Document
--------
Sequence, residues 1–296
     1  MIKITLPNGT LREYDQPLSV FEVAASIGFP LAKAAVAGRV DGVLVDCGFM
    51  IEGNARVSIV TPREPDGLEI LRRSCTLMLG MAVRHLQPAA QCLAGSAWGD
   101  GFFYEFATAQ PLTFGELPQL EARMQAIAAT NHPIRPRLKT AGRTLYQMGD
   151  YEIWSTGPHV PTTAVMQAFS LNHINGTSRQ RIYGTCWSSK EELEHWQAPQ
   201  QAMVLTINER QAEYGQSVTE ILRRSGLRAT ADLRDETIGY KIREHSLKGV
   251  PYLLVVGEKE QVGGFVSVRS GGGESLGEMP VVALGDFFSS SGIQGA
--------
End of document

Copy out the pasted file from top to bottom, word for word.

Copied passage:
Sequence, residues 1–296
     1  MIKITLPNGT LREYDQPLSV FEVAASIGFP LAKAAVAGRV DGVLVDCGFM
    51  IEGNARVSIV TPREPDGLEI LRRSCTLMLG MAVRHLQPAA QCLAGSAWGD
   101  GFFYEFATAQ PLTFGELPQL EARMQAIAAT NHPIRPRLKT AGRTLYQMGD
   151  YEIWSTGPHV PTTAVMQAFS LNHINGTSRQ RIYGTCWSSK EELEHWQAPQ
   201  QAMVLTINER QAEYGQSVTE ILRRSGLRAT ADLRDETIGY KIREHSLKGV
   251  PYLLVVGEKE QVGGFVSVRS GGGESLGEMP VVALGDFFSS SGIQGA